The year 2020 will be forever remembered as the year of the coronavirus disease 2019 (COVID-19), a pandemic which has cost countless lives, ground the world’s economy to a halt, and brought the world into a new normal.

Yet, Bill Gates, billionaire philanthropist, warns that a bigger crisis could be waiting in the future: that of climate change. In an article he published on his website titled, “COVID-19 is awful. Climate change could be worse”, Mr. Gates outlined the urgent need for governments to address climate change as intensely as they have the pandemic, or else face dire consequences in the future.

“If you want to understand the kind of damage that climate change will inflict, look at COVID-19 and spread the pain out over a much longer period of time. The loss of life and economic misery caused by this pandemic are on par with what will happen regularly if we do not eliminate the world’s carbon emissions,” he wrote.

“As of last week, more than 600,000 people are known to have died from COVID-19 worldwide. On an annualized basis, that is a death rate of 14 per 100,000 people. How does that compare to climate change? Within the next 40 years, increases in global temperatures are projected to raise global mortality rates by the same amount — 14 deaths per 100,000. By the end of the century, if emissions growth stays high, climate change could be responsible for 73 extra deaths per 100,000 people. In a lower emissions scenario, the death rate drops to 10 per 100,000,” he added.

“In other words, by 2060, climate change could be just as deadly as COVID-19, and by 2100 it could be five times as deadly,” he added.

Mr. Gates noted that among the things governments should consider to fight climate change is in finding zero-carbon methods of producing electricity. With universal access to renewable and sustainable energy, many countries would not need to rely on fossil fuels like coal or oil, which produce the greenhouse gases that worsen climate change.

In this, the COVID-19 pandemic provides an opportunity. The World Economic Forum found that during the full-lockdown measures implemented to cope with the pandemic, electricity demand has declined at historical levels (15%-30%) in many countries, generating an oversupply of available power capacity. “As the crisis hit, grid operators, sought the cheapest (and cleanest) supply source to balance the lower demand. Therefore, weaker electricity demand increased the share of renewables in the system while sending the more polluting and costly carbon fuels to the back of the queue. This effect happened even at a time of historically low fossil fuel prices, making carbon the biggest loser in the pandemic,” the organization published on its website.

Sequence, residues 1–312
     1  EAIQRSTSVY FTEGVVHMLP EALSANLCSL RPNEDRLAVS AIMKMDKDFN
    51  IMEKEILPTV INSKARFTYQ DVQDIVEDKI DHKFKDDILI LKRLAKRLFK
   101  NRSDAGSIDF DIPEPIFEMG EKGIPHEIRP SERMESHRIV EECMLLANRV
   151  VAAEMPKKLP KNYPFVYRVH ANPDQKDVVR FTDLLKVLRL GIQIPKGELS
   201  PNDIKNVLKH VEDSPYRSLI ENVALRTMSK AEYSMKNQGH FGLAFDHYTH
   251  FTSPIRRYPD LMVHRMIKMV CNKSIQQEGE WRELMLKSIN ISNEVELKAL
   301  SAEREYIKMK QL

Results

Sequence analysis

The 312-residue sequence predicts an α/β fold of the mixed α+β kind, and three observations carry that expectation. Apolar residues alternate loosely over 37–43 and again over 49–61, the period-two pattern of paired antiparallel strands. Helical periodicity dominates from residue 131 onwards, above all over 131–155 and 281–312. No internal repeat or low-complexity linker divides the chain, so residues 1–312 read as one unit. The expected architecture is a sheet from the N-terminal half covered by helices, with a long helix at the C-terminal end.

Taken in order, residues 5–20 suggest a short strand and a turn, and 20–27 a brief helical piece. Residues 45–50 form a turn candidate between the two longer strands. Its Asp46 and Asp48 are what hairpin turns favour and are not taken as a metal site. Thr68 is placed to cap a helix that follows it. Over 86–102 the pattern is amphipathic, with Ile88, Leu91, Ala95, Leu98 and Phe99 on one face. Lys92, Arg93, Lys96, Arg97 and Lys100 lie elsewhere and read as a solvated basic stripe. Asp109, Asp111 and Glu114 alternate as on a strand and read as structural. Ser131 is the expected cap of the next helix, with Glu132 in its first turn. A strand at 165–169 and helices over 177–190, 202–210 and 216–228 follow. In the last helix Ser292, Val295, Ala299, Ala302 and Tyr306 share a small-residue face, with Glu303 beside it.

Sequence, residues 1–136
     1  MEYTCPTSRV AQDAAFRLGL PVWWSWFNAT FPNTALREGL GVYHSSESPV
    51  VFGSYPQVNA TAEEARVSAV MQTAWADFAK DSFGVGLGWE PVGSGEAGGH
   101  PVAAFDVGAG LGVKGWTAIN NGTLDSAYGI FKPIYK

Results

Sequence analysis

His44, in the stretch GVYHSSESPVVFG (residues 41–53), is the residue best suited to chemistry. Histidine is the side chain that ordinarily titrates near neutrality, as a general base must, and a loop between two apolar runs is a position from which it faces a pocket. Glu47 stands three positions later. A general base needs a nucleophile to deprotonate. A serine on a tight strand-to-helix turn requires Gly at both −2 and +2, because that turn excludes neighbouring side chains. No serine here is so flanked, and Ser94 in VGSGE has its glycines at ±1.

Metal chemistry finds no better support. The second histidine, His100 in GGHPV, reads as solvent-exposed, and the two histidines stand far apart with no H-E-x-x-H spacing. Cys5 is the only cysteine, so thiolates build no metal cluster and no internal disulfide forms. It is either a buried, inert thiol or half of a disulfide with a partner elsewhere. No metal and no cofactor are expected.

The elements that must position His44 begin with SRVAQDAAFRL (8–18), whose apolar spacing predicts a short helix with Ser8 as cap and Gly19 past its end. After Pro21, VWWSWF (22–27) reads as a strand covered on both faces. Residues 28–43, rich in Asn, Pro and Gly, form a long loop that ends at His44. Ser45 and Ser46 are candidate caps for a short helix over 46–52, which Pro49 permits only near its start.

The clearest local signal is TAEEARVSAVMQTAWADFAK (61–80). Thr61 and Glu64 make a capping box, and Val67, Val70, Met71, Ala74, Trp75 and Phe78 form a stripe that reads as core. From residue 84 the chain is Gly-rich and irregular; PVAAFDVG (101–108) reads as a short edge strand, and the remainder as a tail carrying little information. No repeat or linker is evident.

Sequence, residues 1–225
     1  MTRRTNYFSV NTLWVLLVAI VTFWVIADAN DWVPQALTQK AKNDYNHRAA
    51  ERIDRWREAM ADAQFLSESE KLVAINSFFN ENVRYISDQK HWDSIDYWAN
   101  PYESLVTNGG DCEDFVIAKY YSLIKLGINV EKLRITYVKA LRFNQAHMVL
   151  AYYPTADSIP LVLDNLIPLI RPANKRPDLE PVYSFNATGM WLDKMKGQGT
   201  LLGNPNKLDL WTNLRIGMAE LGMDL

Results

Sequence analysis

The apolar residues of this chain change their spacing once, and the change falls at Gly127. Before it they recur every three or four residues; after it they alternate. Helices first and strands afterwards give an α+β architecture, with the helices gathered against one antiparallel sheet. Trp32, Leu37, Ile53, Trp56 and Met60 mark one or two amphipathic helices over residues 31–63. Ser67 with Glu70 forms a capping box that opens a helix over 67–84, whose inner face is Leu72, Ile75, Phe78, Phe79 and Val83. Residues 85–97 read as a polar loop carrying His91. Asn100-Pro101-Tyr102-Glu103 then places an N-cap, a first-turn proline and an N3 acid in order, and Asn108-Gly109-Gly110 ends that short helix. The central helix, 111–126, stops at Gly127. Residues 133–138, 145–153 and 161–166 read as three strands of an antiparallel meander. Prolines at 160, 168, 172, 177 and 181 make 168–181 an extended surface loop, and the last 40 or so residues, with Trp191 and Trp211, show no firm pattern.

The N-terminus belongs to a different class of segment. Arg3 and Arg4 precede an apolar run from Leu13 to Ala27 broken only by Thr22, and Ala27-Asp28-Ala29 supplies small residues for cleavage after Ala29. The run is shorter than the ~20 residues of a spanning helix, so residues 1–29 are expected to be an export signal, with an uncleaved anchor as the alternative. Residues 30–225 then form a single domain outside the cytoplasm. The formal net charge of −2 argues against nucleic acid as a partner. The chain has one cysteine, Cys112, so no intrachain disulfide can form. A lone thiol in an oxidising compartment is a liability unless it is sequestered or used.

In a post-COVID world, there is a real chance for governments and businesses to spur a clean energy revolution.

“As businesses, industry and households focus on restarting their operations, the lockdown provides a real sense of opportunity for the energy sector. It brings plenty of lessons about clean energy policy, changes in demand patterns and knowhow for a greener grid without compromising the security of supply. It also opens further opportunities for investment and innovation,” the World Economic Forum wrote.

“Businesses and investors can play a role in boosting clean investment, both by promoting low-carbon supply chains and by grasping the opportunities of clean energy markets.” It added, “As governments begin to shape new regulations and support businesses for the post-COVID- 19 world, their focus should be on taking stock from the lockdown and promoting green conditions to sustain and effectively manage a higher share of renewables; as well as redirecting investment and increasing innovation for improvements in batteries, storage, digital markets, blockchain and smarter grids.”

It falls to key officials, leaders in both the public and private sectors of society to ensure that this future comes about. Governments, businesses and households need to invest in recovery, innovation and infrastructure opportunities in low-carbon and digital technologies for a cleaner, sustainable future. — Bjorn Biel M. Beltran